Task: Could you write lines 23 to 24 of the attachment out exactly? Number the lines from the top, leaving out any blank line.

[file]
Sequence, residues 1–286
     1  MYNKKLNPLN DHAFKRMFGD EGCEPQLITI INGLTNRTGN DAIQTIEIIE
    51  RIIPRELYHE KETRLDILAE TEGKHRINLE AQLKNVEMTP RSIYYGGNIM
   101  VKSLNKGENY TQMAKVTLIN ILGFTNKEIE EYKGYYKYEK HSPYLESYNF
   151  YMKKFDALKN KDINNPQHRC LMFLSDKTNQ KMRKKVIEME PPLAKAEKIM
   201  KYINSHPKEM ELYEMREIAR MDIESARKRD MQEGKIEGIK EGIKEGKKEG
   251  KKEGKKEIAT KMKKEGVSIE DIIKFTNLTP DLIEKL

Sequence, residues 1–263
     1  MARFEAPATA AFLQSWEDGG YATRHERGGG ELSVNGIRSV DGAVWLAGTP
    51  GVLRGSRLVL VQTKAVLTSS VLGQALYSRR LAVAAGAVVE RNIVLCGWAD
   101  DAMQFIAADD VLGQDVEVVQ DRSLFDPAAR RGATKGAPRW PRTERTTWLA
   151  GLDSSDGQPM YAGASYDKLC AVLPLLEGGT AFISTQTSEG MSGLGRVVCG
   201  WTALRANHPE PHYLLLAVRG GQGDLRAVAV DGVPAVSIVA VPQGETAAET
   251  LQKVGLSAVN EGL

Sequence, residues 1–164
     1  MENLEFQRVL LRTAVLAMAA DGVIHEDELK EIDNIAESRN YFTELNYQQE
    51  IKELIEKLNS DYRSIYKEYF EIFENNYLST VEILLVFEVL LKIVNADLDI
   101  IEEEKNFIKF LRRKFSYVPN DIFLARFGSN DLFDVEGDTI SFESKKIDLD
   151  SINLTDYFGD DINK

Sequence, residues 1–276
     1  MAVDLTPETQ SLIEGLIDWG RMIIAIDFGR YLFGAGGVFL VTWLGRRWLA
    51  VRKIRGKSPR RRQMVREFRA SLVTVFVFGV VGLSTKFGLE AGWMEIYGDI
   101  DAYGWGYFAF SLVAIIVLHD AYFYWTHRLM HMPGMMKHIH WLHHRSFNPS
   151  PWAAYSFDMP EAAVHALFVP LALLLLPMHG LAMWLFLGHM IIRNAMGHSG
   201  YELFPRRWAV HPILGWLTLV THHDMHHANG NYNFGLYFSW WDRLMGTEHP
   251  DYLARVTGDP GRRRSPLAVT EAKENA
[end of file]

   101  DAYGWGYFAF SLVAIIVLHD AYFYWTHRLM HMPGMMKHIH WLHHRSFNPS
   151  PWAAYSFDMP EAAVHALFVP LALLLLPMHG LAMWLFLGHM IIRNAMGHSG